A Cincinnati Open spectator was forced to leave a match between two Russian stars Sunday when one of the players took offense to her flying the Ukrainian flag.
The fan, an American identified in local media only as ‘Lola’, said the qualifying match between Anna Kalinskaya and Anastasia Potapova was stopped for the umpire to call to her and say ‘you’re not being nice’ and she was threatened with the police being called by a security guard.
Video of the incident posted online showed WTA chair umpire Morgane Lara come down from her chair to speak to the fan, who ultimately left the court.
Officials have since blamed the size of the flag breaching their regulations.
Lola, who was left in tears, told Local 12: ‘This is not Russia. This is United States of America.’
She added: ‘We had our Ukrainian flag, not doing anything crazy, distracting players, but wrapped around, sitting there peacefully and quiet.’
A tennis fan draped in a Ukraine flag was forced to leave a match at the Cincinnati Open
Tennis fan Lola was sat among other spectators when a Russian player complained about her
Asked about the confrontation with security, the American fan, originally from Uzbekistan, said the umpire told her: ‘You’re not being nice. You need to put the flag away.’
Lola said: ‘The message I got was that it is agitating Russian players. I said, “I’m not putting it away”. They kept playing for a minute or two. Then, they stopped the game again, and then the security guard came up to me and said, “Ma’am, I’m going to call the cops if you won’t leave”.’
She was reported to have watched the match silently.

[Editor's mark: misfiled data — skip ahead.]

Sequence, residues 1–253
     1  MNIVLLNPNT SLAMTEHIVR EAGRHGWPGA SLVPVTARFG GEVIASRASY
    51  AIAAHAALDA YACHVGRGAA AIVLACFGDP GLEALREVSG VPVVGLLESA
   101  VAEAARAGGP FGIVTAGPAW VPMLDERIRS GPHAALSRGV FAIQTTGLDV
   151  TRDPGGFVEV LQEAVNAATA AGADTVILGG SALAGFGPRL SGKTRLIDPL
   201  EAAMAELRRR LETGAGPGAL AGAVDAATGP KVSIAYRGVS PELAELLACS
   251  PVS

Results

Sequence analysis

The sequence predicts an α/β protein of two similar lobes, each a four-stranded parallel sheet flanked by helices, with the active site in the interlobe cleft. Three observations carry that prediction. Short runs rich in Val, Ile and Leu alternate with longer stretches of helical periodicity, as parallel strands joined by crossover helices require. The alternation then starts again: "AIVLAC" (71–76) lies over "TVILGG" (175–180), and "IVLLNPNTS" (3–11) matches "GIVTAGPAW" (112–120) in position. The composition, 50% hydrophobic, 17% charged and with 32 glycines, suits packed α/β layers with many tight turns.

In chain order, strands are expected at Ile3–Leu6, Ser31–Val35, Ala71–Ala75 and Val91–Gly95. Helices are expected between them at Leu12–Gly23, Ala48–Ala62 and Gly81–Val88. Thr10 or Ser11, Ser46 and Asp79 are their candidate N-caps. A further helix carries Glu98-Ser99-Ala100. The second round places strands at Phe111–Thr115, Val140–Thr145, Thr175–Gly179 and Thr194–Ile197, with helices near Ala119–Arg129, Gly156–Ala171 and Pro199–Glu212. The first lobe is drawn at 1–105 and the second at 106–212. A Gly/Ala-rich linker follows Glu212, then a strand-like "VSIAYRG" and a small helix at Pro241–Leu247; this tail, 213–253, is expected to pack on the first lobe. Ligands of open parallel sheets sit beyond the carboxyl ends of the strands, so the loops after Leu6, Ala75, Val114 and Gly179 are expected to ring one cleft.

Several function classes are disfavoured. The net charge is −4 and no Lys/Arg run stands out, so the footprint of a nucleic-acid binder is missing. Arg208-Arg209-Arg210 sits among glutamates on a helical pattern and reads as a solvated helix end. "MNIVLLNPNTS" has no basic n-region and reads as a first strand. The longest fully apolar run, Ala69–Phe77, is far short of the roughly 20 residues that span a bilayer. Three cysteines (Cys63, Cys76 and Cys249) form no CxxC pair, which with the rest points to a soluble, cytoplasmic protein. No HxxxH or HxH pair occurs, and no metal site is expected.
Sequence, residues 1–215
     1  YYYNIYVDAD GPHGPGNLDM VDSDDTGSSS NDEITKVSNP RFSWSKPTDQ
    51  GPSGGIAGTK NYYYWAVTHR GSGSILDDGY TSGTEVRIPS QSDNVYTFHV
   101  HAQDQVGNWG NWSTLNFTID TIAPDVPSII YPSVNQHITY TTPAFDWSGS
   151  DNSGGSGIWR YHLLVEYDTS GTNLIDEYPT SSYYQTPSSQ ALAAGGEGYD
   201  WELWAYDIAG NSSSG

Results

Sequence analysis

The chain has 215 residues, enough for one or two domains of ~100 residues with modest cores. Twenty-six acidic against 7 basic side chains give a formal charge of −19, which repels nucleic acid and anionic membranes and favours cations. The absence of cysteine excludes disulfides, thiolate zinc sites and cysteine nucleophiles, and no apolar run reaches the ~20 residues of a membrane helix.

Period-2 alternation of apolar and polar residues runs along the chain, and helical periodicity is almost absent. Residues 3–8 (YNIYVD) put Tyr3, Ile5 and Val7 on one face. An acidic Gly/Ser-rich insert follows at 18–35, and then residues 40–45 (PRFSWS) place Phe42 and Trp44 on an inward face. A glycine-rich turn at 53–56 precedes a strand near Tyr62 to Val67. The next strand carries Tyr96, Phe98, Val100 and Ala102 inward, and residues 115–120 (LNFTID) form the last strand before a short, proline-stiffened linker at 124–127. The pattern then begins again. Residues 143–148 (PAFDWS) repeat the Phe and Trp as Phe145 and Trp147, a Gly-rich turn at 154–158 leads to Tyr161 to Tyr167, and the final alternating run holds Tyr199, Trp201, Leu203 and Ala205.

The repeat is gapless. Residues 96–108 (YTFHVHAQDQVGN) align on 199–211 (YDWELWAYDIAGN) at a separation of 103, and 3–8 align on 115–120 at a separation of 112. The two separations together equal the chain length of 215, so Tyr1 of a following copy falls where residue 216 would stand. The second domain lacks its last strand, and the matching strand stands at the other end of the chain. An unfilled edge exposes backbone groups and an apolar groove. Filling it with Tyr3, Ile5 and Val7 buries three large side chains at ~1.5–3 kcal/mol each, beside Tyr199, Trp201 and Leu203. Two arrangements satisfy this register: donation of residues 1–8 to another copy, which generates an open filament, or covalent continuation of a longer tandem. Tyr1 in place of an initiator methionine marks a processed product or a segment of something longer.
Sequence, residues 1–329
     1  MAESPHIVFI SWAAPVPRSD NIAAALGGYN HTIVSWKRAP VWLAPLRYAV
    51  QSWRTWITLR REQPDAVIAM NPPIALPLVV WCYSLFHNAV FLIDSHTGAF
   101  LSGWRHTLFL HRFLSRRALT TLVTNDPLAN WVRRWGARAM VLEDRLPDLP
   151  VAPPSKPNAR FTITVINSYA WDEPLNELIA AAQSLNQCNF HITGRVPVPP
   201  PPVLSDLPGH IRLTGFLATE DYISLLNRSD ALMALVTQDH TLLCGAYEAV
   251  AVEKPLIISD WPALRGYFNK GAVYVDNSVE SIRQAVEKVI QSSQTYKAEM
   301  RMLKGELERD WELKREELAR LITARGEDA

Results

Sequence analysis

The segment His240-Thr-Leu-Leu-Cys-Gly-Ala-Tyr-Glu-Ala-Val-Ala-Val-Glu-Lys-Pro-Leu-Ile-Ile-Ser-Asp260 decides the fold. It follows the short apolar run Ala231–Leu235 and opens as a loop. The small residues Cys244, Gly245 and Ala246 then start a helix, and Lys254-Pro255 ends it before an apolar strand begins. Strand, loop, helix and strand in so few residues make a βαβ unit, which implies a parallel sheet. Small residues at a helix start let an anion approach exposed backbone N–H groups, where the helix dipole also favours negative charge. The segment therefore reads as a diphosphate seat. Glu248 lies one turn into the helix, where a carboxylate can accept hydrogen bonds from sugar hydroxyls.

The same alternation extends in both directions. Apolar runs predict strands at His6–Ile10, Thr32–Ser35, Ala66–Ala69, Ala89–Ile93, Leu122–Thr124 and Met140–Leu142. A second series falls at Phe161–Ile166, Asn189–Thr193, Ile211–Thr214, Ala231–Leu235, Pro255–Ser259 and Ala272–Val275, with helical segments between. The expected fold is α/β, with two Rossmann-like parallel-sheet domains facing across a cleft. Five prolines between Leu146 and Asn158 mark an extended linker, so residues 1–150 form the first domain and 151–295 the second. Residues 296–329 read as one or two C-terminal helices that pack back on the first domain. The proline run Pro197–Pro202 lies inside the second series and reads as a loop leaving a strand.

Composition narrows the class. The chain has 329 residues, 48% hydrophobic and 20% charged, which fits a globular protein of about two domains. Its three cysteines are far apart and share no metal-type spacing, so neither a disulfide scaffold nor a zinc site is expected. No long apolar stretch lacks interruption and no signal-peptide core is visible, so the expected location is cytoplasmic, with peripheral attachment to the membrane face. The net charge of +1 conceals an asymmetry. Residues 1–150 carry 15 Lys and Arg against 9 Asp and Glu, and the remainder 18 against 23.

A statement from the Cincinnati Open, currently branded as the Western & Southern Open, read: ‘Per the Western & Southern Open’s bag policy, as stated on the tournament’s website, flags or banners larger than 18 x 18 are prohibited.
‘Therefore, the patron was asked to remove the flag from the grounds and after doing so was allowed to remain at the tournament.
‘Any inquiries about the chair umpire should be directed to the WTA Tour.’ The WTA Tour did not respond to a request for comment.
The flashpoint was triggered during Anna Kalinskaya and Anastasia Potapova’s match
The tournament’s attempts to quell the outrage around Lola’s expulsion has done little to stop complaints from fans online. Spectators are now planning to buy Ukraine flags in bulk to fly at the tournament this week.
Tonight, Serena Williams plays US Open winner Emma Raducanu in what will be her penultimate tournament before retirement.
The war in Ukraine has posed a delicate issue for tennis authorities to deal with. Last month, Novak Djokovic won Wimbledon in the absence of world No. 1 Daniil Medvedev after the Russian superstar and his countrymen were banned from the tournament in response to the war.
The players in Sunday’s match, Kalinskaya, 23, and Potapov, 21, have both posted anti-war messages in the past.
Potapova distanced herself from the ‘politics’ of the invasion on her Instagram page earlier in the year but claimed athletes were a ‘hostage of the situation’ in an attempt to defend herself.
The 21-year-old is ranked 54th in the world and was a former junior No. 1. She won the Wimbledon girls’ singles title in 2016.
Potapova previously posted a message earlier in the year saying she was ‘a stranger to politics’ and ‘against grief, tears and war’
Kalinskaya wore a ‘NO WAR’ message on her shoes at the Indian Wells Masters in March
The incident has caused outrage online, with fans vowing to fly the Ukraine flag in Cincinnati
Kalinskaya wore a ‘NO WAR’ message on her shoes at March’s Indian Wells Masters. She is ranked 69th in the world and is best known for beating Sloane Stephens in the first round of the US Open in 2019.
Both players are now seeing their Instagram comments flooded with Ukrainian flag messages.
Russia invaded Ukraine on Feburary 24, calling it a ‘special military operation’ aimed at pre-emptively safeguarding its security against NATO expansion. Ukraine and the West accuse Moscow of waging an unprovoked imperial-style war of aggression.
The U.S. Open, which starts on August 29, will allow players from Russia and Belarus to compete and will host a tournament-long campaign to raise awareness and humanitarian aid for Ukraine with a goal of raising $2million in relief, the United States Tennis Association (USTA) said last week.